The owner of the Ginkakuji temple wanted to cover it in silver similarly to what his grandpa had done with the Kinkakuji (the golden temple). The economy was not good at that time and he could never afford the silver to cover it. The temple is still very famous for its beautiful gardens, and one can get a very nice view of Kyoto within a short distance walk in the hillside garden.
The lava flow resulting from the eruption of Asama mountain on August 5 1783 completely buried the village of Kanbara. Today the site is a protected natural park with a temple dedicated to the victims of the eruption.
The Nijo-jo castle was constructed as the Shogun’s residence during the Edo period when the supreme power in Japan was held not by the emperor but the the shogun himself (a sort of military commander). The nice feature of Nijo-jo castle is the nightingale floor. As you walk along, the wooden floor emits a squeaking sound. This was a security device at the time whose purpose was to alert guards to the presence of any intruder in the castle.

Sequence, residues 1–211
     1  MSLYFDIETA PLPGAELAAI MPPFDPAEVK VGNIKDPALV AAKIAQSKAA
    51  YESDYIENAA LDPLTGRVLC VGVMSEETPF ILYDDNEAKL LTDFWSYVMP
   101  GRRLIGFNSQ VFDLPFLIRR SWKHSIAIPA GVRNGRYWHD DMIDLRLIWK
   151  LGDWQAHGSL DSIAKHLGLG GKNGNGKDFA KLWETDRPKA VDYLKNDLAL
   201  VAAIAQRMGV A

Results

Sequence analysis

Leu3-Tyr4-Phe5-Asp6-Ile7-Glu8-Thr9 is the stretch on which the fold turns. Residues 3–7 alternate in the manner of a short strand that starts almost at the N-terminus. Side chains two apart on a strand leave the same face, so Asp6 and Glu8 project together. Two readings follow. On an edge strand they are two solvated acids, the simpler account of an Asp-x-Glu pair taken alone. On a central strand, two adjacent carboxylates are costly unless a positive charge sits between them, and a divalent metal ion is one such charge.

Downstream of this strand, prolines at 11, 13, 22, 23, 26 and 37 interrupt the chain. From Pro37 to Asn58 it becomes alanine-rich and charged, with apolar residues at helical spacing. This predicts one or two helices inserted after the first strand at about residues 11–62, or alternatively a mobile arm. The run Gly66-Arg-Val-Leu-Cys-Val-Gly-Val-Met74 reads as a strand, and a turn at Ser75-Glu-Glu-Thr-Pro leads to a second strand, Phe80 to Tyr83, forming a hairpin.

The Kinkakuji temple was covered in gold by its owner and because of its unique golden look, is one of the most famous temple in Kyoto. The story tells that the grandson of this man also tried cover a temple in precious metal but because of difficult times he could only use silver, the silver temple (Ginkakuji).
Before Tokyo, the Japanese capital used to be the city of Kyoto. The city still showcases the imperial palace where the emperor and its family used to live. Since no member of the imperial household live in Kyoto anymore, the palace is accessible through a guided tour. One has to register at the palace’s early in the morning with passport in hand. Nowadays, the emperor lives in the imperial palace in Tokyo.